Isomorphism is a relatively new word in the cooperative vocabulary; however it has been used for eons in chemistry, mathematics and biology. To properly understand its meaning, we need to analyze its etymological roots: it comprised of two Greek words, iso meaning “equal, same”, and morphe which means “shape, form”.
It’s used to express the sameness of shape, of form between two elements or structures. The word was first employed in the humanities in 1983 by two sociologists, Paul J. DiMaggio and Walter W. Powell.
Organizations usually have a lifecycle that ranges from birth (creation), development, optimisation, to decline… or rebirth (renewal) if the organization has the capacity to reinvent itself. At the beginning of this cycle, organizations strive to set themselves apart from all the others. They are driven by the creativity and energy of their founders. But the more they develop and establish their position in their industry of choice, the more they begin to look like all the others. This is referred to as institutional isomorphism by DiMaggio and Powell.
It is an intriguing process since it is in no way linked to any type of gain in efficiency. So why on earth do organizations begin to all look alike if there are no benefits to be had? What kind of invisible force pushes them into converging? Great questions because inside the standardisation of these models, there is, of course, a dominant model the capitalist model which makes the biggest impact. The cooperative world would be well advised to be informed of and to recognize the subtle pressures that drive this process.
DiMaggio and Powell referred to several sources. First, there are the professional managers. Curriculums of major academic institutions are producing cohorts of students, individuals, all educated along the same principles and develop the same logic and thought process. Furthermore, wanting to conform with their professional network, managers usually adopt standards and techniques that are perceived by their environment as being more adequate, whatever the context may be.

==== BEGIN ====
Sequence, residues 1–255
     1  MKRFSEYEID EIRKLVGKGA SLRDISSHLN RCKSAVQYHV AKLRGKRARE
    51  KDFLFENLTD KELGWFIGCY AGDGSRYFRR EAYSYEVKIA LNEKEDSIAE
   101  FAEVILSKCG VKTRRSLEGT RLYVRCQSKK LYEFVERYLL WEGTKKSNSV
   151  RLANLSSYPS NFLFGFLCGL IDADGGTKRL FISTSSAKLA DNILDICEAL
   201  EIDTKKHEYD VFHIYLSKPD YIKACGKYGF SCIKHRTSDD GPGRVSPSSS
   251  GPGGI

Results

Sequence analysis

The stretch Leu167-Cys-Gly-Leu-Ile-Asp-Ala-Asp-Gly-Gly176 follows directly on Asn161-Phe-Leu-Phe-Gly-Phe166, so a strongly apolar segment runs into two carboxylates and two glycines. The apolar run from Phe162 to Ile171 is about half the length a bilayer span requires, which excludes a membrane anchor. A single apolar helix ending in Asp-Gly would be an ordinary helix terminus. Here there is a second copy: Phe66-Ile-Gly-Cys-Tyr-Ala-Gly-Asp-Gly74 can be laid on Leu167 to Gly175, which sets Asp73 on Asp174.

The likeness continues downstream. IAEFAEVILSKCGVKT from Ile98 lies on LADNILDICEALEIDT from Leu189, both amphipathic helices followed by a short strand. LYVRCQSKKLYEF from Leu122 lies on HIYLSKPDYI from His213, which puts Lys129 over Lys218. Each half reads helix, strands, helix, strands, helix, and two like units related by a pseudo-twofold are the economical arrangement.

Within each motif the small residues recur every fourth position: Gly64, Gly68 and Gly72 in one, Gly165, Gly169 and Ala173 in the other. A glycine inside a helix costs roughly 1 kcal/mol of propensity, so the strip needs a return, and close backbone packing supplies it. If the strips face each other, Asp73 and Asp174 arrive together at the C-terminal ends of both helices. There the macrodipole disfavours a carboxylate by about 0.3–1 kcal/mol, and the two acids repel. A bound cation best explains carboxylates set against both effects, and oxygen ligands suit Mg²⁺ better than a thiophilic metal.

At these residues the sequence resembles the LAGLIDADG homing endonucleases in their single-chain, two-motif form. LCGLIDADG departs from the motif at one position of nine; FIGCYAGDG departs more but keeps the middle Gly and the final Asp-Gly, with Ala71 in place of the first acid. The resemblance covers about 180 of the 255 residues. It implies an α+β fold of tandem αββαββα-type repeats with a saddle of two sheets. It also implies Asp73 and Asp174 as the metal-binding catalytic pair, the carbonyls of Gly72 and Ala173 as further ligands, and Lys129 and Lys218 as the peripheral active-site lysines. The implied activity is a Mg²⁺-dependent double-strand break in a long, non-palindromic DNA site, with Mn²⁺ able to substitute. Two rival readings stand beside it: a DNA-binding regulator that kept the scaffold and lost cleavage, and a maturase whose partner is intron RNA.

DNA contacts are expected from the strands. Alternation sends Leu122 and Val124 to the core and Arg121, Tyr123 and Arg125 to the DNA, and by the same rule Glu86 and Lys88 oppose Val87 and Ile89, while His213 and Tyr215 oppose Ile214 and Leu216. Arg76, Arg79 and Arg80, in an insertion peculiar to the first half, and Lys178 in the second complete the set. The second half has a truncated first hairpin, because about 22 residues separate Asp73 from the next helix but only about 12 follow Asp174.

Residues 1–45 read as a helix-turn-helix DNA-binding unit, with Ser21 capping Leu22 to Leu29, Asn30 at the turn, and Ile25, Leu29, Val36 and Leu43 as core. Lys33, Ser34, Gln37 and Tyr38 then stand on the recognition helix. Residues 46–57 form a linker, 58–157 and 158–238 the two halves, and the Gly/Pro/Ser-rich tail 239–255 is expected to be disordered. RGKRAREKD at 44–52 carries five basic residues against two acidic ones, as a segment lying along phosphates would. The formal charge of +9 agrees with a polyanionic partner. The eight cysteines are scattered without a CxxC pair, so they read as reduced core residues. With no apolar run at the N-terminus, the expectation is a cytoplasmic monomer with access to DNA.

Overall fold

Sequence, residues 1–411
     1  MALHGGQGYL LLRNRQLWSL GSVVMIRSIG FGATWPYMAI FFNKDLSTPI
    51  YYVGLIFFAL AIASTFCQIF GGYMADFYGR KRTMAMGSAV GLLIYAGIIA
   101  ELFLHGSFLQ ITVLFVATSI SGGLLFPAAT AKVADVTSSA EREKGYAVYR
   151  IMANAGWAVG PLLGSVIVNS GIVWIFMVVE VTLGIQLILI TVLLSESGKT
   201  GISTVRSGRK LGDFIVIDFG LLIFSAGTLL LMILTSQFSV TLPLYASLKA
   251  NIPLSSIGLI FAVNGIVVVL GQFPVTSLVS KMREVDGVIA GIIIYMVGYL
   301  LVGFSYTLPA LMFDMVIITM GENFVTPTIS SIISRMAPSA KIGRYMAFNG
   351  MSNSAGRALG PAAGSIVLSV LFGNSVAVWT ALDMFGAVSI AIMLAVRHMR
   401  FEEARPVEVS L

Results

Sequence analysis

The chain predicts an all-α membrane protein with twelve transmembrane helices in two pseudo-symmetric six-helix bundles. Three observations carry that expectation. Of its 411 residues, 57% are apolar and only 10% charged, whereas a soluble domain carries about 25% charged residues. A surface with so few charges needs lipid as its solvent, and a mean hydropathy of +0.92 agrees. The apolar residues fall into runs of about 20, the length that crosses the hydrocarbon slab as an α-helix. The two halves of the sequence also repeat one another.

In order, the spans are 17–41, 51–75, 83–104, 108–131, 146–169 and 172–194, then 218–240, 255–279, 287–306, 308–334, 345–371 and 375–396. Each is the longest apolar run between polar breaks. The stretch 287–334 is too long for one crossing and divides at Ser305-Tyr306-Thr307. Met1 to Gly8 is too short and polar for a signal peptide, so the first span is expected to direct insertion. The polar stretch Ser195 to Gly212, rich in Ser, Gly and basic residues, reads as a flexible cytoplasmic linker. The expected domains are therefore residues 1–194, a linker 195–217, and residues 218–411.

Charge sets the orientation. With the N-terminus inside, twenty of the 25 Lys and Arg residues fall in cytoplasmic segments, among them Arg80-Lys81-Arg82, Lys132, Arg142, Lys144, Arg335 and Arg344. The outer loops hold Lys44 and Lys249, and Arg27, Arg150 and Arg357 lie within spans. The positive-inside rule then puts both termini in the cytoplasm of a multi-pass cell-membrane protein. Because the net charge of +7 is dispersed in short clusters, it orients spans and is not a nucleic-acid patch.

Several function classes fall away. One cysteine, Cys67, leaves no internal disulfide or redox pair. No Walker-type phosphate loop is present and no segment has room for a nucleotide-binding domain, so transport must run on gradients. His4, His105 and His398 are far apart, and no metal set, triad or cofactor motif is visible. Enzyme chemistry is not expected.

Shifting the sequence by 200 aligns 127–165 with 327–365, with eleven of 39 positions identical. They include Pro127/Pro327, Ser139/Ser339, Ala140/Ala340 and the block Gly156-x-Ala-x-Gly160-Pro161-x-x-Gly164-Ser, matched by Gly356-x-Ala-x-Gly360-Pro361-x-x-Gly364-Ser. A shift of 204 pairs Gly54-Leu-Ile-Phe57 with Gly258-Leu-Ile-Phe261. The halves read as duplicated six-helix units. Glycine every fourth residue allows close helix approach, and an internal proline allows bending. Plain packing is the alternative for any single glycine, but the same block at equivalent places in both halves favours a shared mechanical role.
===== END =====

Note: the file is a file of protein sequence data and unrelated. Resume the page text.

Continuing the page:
There is also pressure from public authorities. Programs and rules enacted by a government will, for example, influence organizational structures and modes of operations in businesses willing, in an effort to establish their legitimacy, correspond to the business model that is currently in favour with the powers that be.
Isomorphism also moves forward through intermediaries, such as consultants who promote the sector’s “best practices” when businesses call upon their services as they are confronted with a problem for which they do not have a solution. The types of behaviours most employed by organizations appear legitimate within their own fields, regardless of the entrepreneurial model.
Isomorphism is a real issue for cooperative businesses. A cooperative, along with its values and principles, translates a system of thinking and acting based on a business logic that is completely different from the dominant model. And this system, founded on cooperation, structures a unit that is complete and projecting great internal cohesion. It is precisely that kind of renewal that this set of values and principles provides the cooperative model with all of its strength and relevance. Moreover, when a cooperative strays from its distinctive nature under pressure from isomorphism, it puts itself at risk. Weakened, it no longer holds value.
What does this mean? Well, it means that we need to document and share our “best cooperative practices”, to establish our own key success indicators together, and let more people know about our business model. With this in mind, I am happy that Co-operatives and Mutuals Canada, during its annual assembly June 17th, decided to adopt a resolution intended to promote the production of annual cooperative reports, based on cooperative principles. Not only will this exercise have a high educational potential, it will also allow us to establish our own markers, to be inspired by each other’s successes and essentially it will help protect our cooperatives from institutional isomorphism.